The current agenda - which focuses on the so-called Millennium Development Goals - has achieved considerable success. But the lack of weight that was attached to such cost-benefit analyzes prevented those entrusted with the implementation from using the limited resources as optimally as possible.
Another benefit of such an analysis is that it can highlight future risks related to longer-term trends such as global population growth. This is important because a growing population could be an even bigger problem than previously thought.
According to a new study, the likelihood that the world's population will not peak this century is currently 70 percent; the prognosis that between 9.6 and 12.3 billion people will live on earth by 2100 should come true with an 80 percent probability. Sub-Saharan Africa - still the poorest region in the world - will see the highest population growth.
Fortunately, there is a cost-effective way to curb this growth: access to modern contraception for women. It would cost around $ 3.6 billion a year to provide contraception to 215 million women worldwide - most of them in Africa - who want to avoid pregnancy. When you consider the extent to which this investment can pay off, the total looks ridiculous. It is estimated that there would be 640,000 fewer newborn deaths each year, 150,000 fewer fewer mothers would die in childbirth, and 600,000 fewer children would lose their mothers - a development that would generate around $ 145 billion in economic benefits.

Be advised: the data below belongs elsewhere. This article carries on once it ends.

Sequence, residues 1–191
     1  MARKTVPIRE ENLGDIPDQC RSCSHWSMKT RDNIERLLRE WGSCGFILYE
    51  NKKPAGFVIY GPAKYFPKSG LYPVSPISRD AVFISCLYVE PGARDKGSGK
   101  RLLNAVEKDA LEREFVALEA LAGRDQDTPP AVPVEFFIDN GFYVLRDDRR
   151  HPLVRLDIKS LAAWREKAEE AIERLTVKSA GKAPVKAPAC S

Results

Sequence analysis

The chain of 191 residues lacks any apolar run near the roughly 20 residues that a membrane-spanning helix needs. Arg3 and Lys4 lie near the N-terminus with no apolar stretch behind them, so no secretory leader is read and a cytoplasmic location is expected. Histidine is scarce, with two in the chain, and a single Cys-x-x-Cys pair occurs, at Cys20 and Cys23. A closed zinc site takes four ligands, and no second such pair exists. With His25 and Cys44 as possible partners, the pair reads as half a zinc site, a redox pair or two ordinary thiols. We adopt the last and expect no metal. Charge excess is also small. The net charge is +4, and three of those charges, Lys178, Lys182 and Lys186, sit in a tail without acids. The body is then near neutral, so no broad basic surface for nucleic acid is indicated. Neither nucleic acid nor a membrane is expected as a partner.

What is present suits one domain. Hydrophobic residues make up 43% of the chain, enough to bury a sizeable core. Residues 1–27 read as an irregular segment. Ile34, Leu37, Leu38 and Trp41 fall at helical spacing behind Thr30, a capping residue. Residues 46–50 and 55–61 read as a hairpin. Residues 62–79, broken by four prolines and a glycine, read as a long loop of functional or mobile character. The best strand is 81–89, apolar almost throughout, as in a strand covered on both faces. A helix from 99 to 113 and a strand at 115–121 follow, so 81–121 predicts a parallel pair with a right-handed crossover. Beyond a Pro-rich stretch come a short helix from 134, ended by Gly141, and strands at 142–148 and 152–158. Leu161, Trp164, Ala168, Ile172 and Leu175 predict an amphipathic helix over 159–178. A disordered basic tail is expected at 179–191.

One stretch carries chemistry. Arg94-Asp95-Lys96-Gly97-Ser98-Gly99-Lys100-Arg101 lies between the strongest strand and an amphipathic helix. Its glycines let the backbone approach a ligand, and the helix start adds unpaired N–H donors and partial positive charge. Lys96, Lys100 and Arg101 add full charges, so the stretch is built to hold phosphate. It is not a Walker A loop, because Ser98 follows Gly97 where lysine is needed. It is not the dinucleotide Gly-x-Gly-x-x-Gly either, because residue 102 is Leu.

More time for education
Not only that, better access to contraception would enable mothers to spend more time raising - and educating - their existing children. Fewer children also mean a larger percentage of the population would work and the economy would boost the economy by around $ 288 billion annually over the course of a generation. All in all, every dollar spent on family planning programs generates a whopping $ 120 in benefits.
Of course, it wouldn't be enough to just hand out contraceptives. People in poor countries - especially in African countries with high birth rates, which make up only 18 percent of the world's population but where 38 percent of all newborns are born - would benefit from educational initiatives with a focus on health and family planning.
The best guide
Improving the condition of the world's poorest people as much as possible means managing strong forces, ingrained habits and, most importantly, severe constraints of financial, temporal and human capital. For this reason, objective, data-driven analysis is the best guide.
Translated from the English by Sandra Pontow.
Copyright: Project Syndicate 2014
Emails to: [email protected]
Bjørn Lomborg (* 1965 in Frederiksberg, DK) studied political science in Århus and taught statistics. He wrote several hotly debated books on climate change, including “Cool It! Why we should keep a cool head despite climate change ”. Currently head of the Copenhagen Consensus Center and ao. Professor at Copenhagen Business School. [ Private]
("Die Presse", print edition, November 24, 2014)